The main safety outcome was major bleeding, classified using a modification of the International Society on Thrombosis and Hemostasis (ISTH) definitions for major bleeding in nonsurgical patients (5) or in surgical patients (6). The ISTH definition of major bleeding in nonsurgical patients includes fatal bleeding and/or symptomatic bleeding in a critical area or organ, defined as intracranial, intraspinal, intraocular, retroperitoneal, intra-articular, pericardial, or intramuscular with compartment syndrome, and/or bleeding causing a fall in hemoglobin level of 20 g/l (1.24 mmol/l) or more, or leading to transfusion of 2 or more units of whole blood or red cells (5). The ISTH definition of major bleeding in surgical patients includes each of the components included in the definition for nonsurgical patients, as well as surgical site bleeding (6). The modified ISTH definition used in the COMPASS study was adopted in response to advice received from the U.S. Food and Drug Administration and included fatal bleeding, symptomatic bleeding in a critical area or organ, surgical site requiring reoperation, and bleeding leading to hospitalization or presentation to an acute care facility without overnight stay; the modified definition did not include hemoglobin drop or need for transfusion. Hemorrhagic stroke was counted both as a primary efficacy outcome and as a major bleed. Any bleeding event that did not meet the definition for modified ISTH major bleeding was counted as minor bleeding. All bleeding events were centrally adjudicated without knowledge of treatment allocation.
Investigators separately classified bleeding according to intensity, as mild, moderate, or severe, based on their assessment of the impact of the bleed on the patient’s daily activities (mild: usually transient in nature and generally not interfering with normal activities; moderate: sufficiently discomforting to interfere with normal activities; severe: prevents normal activities). Investigator-reported intensity of bleeding was not adjudicated.
Management of bleeding
The protocol provided guidance for the study investigators on the management of bleeding. The protocol indicated that temporary discontinuation of rivaroxaban was likely to be sufficient to control bleeding in most cases considering its relatively short half-life, that local measures should be applied if needed to control bleeding, and that intravenous fluids and blood transfusion support should be provided as indicated. In case of life-threatening bleeding, the investigator was advised to obtain advice from a hematologist, and reference was made to evidence from animal studies suggesting that prothrombin complex concentrates or recombinant factor VIIa could partially restore hemostasis following treatment with factor Xa inhibitors such as rivaroxaban. The protocol also made reference to the results of a randomized trial involving healthy patients treated with rivaroxaban that demonstrated prothrombin complex concentrate reversed prolongation of the prothrombin time (7). A specific antidote for rivaroxaban was not commercially available during the COMPASS trial.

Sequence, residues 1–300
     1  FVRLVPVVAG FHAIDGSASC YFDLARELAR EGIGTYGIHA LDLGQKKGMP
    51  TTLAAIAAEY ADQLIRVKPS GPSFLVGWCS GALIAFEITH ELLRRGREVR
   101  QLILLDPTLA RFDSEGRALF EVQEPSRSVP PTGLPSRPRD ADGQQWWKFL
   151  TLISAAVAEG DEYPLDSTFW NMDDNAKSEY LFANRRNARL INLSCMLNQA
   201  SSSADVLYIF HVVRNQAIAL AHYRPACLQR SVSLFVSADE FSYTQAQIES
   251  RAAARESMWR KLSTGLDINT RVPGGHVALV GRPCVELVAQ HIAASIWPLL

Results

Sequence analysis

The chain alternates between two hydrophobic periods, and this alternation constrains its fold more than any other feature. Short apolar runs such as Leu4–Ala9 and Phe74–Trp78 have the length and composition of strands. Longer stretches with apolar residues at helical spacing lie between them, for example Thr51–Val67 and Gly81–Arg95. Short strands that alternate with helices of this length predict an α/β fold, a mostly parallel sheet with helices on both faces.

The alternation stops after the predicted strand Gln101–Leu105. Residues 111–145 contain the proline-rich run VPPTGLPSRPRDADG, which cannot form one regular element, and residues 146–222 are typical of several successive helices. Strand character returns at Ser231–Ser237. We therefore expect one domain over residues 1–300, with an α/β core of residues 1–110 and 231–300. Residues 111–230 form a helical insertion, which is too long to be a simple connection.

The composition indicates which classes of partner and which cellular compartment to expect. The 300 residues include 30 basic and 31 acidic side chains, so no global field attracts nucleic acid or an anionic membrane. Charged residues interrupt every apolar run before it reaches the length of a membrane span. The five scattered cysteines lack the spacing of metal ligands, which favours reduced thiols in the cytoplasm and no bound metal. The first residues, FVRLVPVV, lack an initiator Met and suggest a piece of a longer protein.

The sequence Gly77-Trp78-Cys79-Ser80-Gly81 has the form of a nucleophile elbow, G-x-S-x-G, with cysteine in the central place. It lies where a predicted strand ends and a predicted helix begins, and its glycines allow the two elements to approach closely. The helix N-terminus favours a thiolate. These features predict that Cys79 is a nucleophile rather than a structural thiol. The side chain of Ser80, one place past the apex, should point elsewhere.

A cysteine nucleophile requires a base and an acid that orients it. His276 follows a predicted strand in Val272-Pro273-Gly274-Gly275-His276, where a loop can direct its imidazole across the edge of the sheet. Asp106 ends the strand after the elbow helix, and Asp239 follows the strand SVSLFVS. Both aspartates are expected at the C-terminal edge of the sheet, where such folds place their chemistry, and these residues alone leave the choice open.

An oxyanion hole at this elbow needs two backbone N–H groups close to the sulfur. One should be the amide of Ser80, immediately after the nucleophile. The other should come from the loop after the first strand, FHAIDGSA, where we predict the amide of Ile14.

All events that occurred between randomization and the date of stopping the rivaroxaban and aspirin arms of the trial (February 6, 2017) were included and analyzed according to the intention-to-treat principle. Crude incidences were calculated as the number of patients with a first bleeding outcome divided by the total number of patients. Survival analyses were based on the time to a first event. Only the first bleeding event was counted in each category but patients could contribute more than 1 bleeding event in different categories.
The effects of the combination of rivaroxaban and aspirin and those of aspirin alone were compared using a stratified log-rank test. Kaplan-Meier estimates of the cumulative hazard function were used to evaluate the timing of event occurrences in the treatment groups and the consistency of the respective treatment effects at different time points. Stratified Cox proportional hazards models were used to obtain the hazard ratio (HR) and corresponding 95% confidence interval (CI). The assumptions of the Cox models were verified by visually assessing the standard plots of the log of negative log of Kaplan-Meier estimates of the survival function versus the log of time.
For evaluation of timing of events, the follow-up time of patients was divided into the first year after randomization, the second year after randomization, and the time thereafter. Patients at risk of the outcome during each of these time periods were those alive at the beginning of the period who had not previously experienced the event. The HR were estimated by a Cox model assuming piecewise proportionality of the hazards in the time intervals. An on-treatment analysis censoring patients at the time of permanent discontinuation of study treatment was also performed to further evaluate the timing of events.
For evaluation of bleeding management, the proportion of patients with bleeding in each treatment group who received red cells, platelets, clotting factors (including prothrombin complex concentrate), recombinant factor VIIa, or antifibrinolytic therapy, was determined. A 2-sided p value <0.05 was deemed to be statistically significant.
The focus of this paper is on the comparison between the combination of rivaroxaban 2.5 mg twice daily and aspirin 100 mg once daily and aspirin 100 mg once daily. Rivaroxaban 5 mg twice daily was not superior to aspirin alone and increased bleeding, and this regimen has not been submitted to regulatory authorities for approval.
The mean age of the 27,395 patients enrolled in the COMPASS trial was 68 years, 22% were female, and mean follow-up was 23 months. A total of 18,278 patients were randomized to the combination of rivaroxaban and aspirin or to aspirin alone.